Every thing you do to address this is to bring us one step closer to equality. Because performance is a useless metric if the playing field is not level. It’s always going to be a moving target where our reach always exceeds our grasp.

The most dangerous, destructive thing you can do is fail to acknowledge that if you are part of the prevailing and dominant race, gender, language group, citizenship, orientation, you are privileged. It is not something you can dismiss or ignore or deny. The paradigm is here and has been here for awhile.

It is not a reflection on YOUR character or work ethic.

However what you do with it is absolutely a reflection of all three.

All the Things that are No More…

I should write a sad song about all my favorite foods that have been discontinued.

Like the Chobani Meze yogurt dip.
Or the Evol breakfast cups.
Or the Amy’s non-vegan breakfast burrito. NON(!!!) vegan.
Or Kashi pizza

I should write a sadder song about the closing of

A tragic dirge of the discontinuation of Hypno Skates (inline skates where the wheel chassis is detachable from the boot)

A requiem mass for the Scooba.

A weeping, wailing and gnashing of teeth laden song about the death of Midwest Airlines, and the impending death of Virgin America.

A 90s grunge whine song about the end of Ban Clear for Men.

A nostalgic elegy for Prell Conditioner

A tearful lament about CBGB

A song entitled “O Garden Cafe, Why Hast thou Forsaken Me?”

OR perhaps I should write a cautionary tale called:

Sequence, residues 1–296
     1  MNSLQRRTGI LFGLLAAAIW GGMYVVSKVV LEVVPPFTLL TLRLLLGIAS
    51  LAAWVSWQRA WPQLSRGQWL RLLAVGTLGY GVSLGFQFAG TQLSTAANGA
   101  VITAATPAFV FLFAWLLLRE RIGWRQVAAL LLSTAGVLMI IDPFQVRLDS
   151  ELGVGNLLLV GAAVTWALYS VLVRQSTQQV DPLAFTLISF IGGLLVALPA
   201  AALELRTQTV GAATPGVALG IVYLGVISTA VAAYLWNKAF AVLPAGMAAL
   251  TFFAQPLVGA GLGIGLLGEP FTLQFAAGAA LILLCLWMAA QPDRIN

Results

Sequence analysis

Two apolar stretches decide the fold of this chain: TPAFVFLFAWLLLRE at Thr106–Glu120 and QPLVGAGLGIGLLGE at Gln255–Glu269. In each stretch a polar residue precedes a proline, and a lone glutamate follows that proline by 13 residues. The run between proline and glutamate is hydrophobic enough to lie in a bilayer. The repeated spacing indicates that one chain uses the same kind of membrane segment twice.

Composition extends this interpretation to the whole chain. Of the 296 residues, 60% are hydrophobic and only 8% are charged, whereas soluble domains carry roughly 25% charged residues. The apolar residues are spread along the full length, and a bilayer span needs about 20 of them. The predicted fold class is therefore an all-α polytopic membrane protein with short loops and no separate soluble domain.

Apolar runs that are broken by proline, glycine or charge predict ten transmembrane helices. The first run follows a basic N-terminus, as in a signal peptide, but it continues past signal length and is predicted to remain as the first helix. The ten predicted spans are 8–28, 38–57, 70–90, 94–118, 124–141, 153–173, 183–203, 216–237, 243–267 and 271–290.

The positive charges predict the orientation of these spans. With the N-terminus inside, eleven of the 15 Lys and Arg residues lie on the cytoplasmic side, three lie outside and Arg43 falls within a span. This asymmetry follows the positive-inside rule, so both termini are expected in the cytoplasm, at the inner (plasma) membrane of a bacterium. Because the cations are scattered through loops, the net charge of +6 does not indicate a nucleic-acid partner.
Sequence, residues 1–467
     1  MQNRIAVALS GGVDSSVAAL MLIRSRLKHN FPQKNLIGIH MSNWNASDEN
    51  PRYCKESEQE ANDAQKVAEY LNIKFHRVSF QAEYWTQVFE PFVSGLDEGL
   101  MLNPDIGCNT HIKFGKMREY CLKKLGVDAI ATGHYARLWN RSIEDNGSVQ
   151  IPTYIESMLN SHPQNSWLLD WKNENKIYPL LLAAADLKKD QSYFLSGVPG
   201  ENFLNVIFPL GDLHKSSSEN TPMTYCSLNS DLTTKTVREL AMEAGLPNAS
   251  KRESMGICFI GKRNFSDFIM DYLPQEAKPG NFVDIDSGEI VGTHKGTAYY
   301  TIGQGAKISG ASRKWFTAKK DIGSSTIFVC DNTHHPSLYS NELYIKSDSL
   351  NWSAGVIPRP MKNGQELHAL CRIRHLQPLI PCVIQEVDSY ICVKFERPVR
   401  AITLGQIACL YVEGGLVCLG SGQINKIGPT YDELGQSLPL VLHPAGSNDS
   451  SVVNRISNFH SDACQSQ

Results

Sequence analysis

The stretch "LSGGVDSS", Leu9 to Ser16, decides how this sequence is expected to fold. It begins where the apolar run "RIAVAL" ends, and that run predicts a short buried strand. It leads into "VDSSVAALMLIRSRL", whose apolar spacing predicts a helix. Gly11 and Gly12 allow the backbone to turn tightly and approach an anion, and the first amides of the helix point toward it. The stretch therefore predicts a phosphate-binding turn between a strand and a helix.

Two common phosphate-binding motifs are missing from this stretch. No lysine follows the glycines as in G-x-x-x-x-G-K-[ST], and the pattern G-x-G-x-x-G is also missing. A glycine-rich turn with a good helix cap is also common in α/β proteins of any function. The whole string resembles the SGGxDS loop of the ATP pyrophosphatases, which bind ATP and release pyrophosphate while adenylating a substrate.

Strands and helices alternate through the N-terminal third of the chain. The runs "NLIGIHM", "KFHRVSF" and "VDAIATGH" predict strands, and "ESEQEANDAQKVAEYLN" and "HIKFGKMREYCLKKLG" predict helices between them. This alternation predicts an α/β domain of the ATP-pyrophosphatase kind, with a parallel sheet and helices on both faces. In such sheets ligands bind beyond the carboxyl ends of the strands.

“If You Like Something, You Better Hope Rob Doesn’t Like It Too or It Will Get Discontinued or Shut Down”

Bad Colloquialisms of the English Language


A: Referring to a container as a “thing”.
EXAMPLE: I got a thing of cereal. There’s a thing of wine in the fridge. We need to buy a new thing of toothpaste etc

Would it kill you to say box, bottle or tube? How much effort would that take?

B: Vocal “Chords”.
There is no such thing as a vocal “chord”. I know you draw the connection between “chord” as a musical term, and your vocal “cord” as the instrument that produces the music, but your vocal CORDS are exactly that. Cords. Like your spinal cord, or your umbilical cord, or an extension cord.

I have seen well written articles in music publications and respectable news sources where that mistake has escaped the editor.

You do not have vocal “chords”. You have vocal CORDS!

C: “You guys”
Except in the most casual of settings, “you guys” is a totally inappropriate form of address. It is overly casual, and isn’t gender correct.